Leaders of anti-election law demonstrators in Hong Kong have called off a planned vote on government concessions regarding their month-long protest movement.
In a statement, released on Sunday, the leaders said they decided not to go ahead with the vote, citing inadequate consultation with the protesters and “differing opinions regarding the format, motions and effectiveness” of the poll.
The two-day referendum was canceled just hours before it was expected to take place electronically on Sunday.
The vote was supposed to ask demonstrators how they want to respond to the government’s proposals to end persistent sit-ins that have paralyzed parts of the city.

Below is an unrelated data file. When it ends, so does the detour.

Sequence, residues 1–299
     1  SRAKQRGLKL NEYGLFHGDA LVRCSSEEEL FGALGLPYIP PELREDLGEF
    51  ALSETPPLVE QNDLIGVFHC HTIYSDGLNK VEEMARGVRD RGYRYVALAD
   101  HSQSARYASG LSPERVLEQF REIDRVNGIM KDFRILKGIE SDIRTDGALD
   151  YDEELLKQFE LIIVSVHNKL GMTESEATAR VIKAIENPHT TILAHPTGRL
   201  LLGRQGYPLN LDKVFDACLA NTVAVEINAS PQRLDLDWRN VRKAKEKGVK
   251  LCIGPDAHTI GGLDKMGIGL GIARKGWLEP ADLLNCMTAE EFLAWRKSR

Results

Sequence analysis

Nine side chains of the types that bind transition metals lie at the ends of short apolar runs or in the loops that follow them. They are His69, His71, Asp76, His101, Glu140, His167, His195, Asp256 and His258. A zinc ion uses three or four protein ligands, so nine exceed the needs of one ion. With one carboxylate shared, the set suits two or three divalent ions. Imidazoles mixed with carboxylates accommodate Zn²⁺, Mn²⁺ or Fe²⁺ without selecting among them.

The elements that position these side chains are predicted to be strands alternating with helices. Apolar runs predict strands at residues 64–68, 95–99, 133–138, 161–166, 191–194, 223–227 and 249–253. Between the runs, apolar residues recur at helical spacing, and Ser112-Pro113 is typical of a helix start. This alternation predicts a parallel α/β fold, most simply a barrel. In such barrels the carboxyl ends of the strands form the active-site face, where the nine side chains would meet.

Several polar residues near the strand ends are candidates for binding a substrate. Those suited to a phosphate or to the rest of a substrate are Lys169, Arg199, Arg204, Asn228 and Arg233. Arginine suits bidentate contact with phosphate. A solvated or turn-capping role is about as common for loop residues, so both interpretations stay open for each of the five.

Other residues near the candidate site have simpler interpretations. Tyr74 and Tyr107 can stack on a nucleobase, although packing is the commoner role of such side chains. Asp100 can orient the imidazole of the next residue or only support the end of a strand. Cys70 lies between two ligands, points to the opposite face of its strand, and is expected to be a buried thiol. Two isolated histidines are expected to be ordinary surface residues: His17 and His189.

Benny Tai, a founder of the Occupy Central protest group, said, “We decided to adjourn the vote at the square but it doesn’t mean the movement has stopped.”
During talks on Tuesday, Hong Kong government officials made concessions, suggesting that both sides set up a committee to discuss political reform and offering to provide Beijing with a report on recent events.
Protesters launched a campaign of occupying government buildings in Hong Kong on September 27, 2014. Police and protesters have clashed on many occasions over the past month.
The anti-election law protesters are opposed to an election law introduced by China. Under the law, the people of Hong Kong will have to elect their next leader from a list of Beijing-vetted candidates in 2017.
Hong Kong is a special administrative region of China. The financial hub has enjoyed substantial political autonomy since 1997, when its leadership returned to China after about a century of British colonial rule.